Something found in the ashes
Late one afternoon in November, my apartment building caught fire. A friend of mine called me with the news.
At the time, I was a few blocks away, having a drink. I was about to go to an election night party. I didn’t believe my friend, and the District seems to send out fire engines for everything. I had seen fire trucks in my Northwest neighborhood before, responding to false alarms and minor accidents.
I was stunned when I returned home. Ladder trucks surrounded the building. It had been a three-alarm fire. There was a black hole on the ninth floor, where an unattended candle had touched off the fire. TV crews were doing reports. News of the dramatic downtown conflagration was on every channel.
My neighbors were sheltering in the lobby of the building next door — all the people I saw on a daily basis but rarely talked to. We compared notes and speculated. None of us would get back home that night. A neighborhood hotel put us all up.
Things were worse in the morning. There’s a perverse thrill you get with disaster, and it quickly ends when the sun comes up. I loitered behind police tape with other residents, all of us concerned about the state of our homes. Two of the units on the ninth floor were destroyed, just windowless shells looking out at the dawn. The rest of the floor had been condemned, damaged by smoke and fire.
Eventually, we were allowed inside, to a building reeking of ashes, the carpets still damp.
I opened the door on my seventh-floor apartment to see it exactly as I had left it the day before. Relief filled me.
Not everyone was so lucky. Units down the hallway from me were damaged by the water used to put out the fire. It had poured down from the ninth floor and into their apartments. I heard one of my neighbors crying in the hall.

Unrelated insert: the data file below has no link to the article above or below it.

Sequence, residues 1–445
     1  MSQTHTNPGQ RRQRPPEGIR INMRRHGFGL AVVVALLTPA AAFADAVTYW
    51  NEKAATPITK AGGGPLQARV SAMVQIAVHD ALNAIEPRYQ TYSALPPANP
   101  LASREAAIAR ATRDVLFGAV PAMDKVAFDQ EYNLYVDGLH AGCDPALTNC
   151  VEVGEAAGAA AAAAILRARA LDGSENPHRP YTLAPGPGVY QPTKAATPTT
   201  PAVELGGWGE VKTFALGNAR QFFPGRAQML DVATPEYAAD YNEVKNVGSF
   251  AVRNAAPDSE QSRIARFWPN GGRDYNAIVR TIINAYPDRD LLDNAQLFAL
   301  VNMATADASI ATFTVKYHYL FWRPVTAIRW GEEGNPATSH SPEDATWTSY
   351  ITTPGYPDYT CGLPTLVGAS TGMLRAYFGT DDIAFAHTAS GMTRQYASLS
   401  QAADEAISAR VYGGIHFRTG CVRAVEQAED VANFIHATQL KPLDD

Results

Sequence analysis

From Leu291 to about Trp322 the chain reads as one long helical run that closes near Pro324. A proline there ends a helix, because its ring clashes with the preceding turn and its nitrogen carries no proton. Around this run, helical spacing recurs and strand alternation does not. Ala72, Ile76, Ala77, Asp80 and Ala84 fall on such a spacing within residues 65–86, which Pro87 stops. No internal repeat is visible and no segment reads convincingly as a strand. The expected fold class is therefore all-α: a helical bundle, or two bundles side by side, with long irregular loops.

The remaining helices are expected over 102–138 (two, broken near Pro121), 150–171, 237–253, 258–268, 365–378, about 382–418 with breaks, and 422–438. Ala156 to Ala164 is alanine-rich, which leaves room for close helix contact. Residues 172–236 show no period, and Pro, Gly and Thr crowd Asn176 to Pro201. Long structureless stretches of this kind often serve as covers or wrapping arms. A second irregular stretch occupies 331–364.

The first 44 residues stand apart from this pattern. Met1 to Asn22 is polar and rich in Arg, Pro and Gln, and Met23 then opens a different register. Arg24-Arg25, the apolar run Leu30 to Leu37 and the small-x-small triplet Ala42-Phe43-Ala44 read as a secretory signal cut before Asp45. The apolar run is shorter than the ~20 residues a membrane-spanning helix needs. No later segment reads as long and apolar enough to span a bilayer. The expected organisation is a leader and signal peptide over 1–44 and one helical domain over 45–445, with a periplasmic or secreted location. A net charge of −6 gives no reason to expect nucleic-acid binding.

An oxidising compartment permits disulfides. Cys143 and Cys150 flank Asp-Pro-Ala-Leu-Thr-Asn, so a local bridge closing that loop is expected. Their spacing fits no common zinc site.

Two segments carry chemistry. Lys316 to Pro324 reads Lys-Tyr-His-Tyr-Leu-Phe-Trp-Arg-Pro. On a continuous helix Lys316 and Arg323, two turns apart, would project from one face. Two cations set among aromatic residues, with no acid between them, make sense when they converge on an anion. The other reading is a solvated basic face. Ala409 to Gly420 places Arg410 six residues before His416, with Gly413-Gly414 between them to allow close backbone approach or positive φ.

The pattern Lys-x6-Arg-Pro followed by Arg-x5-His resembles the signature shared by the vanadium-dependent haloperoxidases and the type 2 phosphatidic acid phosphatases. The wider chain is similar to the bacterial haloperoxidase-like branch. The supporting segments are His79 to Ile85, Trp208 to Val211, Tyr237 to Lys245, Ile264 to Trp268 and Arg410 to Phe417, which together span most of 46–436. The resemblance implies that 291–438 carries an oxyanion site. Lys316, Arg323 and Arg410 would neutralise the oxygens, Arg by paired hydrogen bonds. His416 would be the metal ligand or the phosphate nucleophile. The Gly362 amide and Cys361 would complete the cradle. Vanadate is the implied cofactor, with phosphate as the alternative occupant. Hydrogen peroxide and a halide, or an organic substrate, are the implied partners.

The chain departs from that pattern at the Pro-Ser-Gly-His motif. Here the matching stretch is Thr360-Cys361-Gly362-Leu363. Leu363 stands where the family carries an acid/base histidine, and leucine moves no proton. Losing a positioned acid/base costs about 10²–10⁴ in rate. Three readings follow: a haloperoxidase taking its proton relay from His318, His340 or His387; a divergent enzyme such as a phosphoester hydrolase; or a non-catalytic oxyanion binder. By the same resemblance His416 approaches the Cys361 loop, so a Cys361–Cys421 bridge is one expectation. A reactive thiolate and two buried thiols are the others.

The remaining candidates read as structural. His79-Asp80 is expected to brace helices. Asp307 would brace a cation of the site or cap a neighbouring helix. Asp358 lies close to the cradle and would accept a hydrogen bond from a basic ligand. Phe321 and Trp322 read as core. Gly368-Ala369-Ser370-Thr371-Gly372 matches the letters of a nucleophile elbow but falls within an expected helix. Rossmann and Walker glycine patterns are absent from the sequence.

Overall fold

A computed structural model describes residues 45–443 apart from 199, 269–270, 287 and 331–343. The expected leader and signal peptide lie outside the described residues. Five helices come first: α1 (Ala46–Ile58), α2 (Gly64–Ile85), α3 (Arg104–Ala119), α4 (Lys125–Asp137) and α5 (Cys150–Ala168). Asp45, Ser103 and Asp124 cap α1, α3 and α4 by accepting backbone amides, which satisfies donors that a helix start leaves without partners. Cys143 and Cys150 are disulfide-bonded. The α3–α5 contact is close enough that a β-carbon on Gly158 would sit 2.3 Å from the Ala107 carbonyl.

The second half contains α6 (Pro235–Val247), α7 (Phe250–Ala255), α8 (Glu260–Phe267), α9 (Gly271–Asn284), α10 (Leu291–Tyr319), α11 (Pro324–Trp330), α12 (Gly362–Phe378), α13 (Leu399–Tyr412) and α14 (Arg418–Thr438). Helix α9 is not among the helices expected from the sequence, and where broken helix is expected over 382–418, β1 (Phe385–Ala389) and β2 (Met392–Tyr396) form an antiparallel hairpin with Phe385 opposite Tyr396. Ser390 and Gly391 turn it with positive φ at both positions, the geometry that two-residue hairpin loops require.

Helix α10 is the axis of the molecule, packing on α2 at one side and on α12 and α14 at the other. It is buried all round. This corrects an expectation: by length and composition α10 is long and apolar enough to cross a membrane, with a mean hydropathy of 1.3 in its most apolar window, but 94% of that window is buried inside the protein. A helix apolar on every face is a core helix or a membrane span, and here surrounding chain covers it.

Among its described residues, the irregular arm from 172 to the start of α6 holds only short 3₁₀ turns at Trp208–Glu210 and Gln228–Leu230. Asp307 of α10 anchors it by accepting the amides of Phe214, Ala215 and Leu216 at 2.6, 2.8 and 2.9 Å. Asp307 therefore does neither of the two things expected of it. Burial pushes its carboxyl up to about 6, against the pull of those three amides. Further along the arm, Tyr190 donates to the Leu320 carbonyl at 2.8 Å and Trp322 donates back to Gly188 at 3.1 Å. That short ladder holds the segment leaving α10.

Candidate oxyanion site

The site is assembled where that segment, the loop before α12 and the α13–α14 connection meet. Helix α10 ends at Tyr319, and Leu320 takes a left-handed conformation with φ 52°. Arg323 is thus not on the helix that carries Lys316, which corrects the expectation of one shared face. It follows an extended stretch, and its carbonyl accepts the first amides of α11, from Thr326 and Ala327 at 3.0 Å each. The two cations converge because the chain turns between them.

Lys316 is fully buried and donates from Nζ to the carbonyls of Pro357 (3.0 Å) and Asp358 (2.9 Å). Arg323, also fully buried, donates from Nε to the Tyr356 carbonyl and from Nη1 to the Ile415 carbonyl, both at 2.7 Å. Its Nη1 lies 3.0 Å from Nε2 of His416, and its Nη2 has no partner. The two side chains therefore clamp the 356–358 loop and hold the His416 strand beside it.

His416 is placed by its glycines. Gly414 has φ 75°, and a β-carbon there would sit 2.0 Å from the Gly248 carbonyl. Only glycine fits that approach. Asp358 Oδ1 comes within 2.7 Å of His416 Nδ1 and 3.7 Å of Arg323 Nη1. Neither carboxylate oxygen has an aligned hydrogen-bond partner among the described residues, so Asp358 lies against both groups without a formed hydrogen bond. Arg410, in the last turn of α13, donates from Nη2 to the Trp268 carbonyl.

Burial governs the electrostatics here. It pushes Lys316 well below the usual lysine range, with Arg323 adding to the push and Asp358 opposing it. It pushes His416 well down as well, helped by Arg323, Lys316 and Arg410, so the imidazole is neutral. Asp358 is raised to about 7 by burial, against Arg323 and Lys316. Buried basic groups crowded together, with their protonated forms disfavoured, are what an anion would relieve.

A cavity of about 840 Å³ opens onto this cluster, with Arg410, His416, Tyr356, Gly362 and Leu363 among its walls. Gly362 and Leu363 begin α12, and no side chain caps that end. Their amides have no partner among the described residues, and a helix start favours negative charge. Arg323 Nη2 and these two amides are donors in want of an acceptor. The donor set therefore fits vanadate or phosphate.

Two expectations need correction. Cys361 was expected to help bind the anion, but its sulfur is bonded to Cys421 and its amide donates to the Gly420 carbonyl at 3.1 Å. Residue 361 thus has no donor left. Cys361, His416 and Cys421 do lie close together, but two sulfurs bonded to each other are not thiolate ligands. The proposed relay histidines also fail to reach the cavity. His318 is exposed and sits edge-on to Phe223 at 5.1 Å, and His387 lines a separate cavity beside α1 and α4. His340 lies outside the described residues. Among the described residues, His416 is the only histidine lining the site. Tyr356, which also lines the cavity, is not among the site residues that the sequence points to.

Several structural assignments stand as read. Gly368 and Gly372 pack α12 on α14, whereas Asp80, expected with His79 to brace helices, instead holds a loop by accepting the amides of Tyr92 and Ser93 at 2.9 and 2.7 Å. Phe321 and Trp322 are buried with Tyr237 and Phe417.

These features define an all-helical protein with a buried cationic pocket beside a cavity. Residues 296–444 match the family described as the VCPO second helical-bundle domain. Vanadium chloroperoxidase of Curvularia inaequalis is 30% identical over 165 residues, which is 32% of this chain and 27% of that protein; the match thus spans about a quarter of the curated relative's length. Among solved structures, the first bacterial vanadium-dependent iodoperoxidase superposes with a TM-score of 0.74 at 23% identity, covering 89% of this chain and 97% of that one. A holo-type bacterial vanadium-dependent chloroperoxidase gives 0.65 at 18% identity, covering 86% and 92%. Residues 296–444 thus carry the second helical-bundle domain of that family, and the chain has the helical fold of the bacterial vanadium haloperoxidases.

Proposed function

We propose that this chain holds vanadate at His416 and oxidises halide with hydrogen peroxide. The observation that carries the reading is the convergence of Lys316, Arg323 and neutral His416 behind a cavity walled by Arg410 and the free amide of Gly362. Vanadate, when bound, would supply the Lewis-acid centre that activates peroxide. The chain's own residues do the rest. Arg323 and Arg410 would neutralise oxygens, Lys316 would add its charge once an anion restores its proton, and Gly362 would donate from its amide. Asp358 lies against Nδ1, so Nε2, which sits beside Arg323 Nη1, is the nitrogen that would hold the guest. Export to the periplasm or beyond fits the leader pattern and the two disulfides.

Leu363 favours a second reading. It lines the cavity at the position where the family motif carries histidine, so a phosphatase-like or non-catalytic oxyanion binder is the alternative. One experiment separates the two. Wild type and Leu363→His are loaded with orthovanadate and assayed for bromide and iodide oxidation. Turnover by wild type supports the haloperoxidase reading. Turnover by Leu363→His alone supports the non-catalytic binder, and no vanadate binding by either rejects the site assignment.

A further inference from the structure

A fire is something most people don’t want to think about. I was fortunate to have renter’s insurance, just in case the worst happened, but so much of what matters, such as personal photos, can never be replaced.
Also, fire doesn’t care if you’re good or conscientious. One person and a moment of carelessness was all it took to render a dozen people homeless.
I realized that I had no real emergency plan. Upon seeing the disaster that night, my response was to go to the neighborhood hotel. All I had were the clothes on my back.
I could’ve stayed with friends except for one major problem — the battery in my cellphone had died. My last Twitter update was about my building being on fire. Friends and family got worried when they didn’t hear anything else from me. Another lesson learned — keep the phone charged.
Social media are no substitute for real people. I was fortunate that a friend in the neighborhood alerted me to the fire. Later, I commiserated and shared information with my neighbors, people with whom I had only shared small-talk in the elevator. Friends offered me a place to stay. People called to check in on me.
I was fortunate. The fire was just a minor inconvenience for me. Others’ lives were overturned. I come away from the experience with one essential truth — all the stuff you own, the things that seem to define you, can disappear in a moment. What matters most are the relationships you have with other people, whether they be friends, family or neighbors.
Posted by: joeflood | December 27, 2010 7:18 PM | Report abuse
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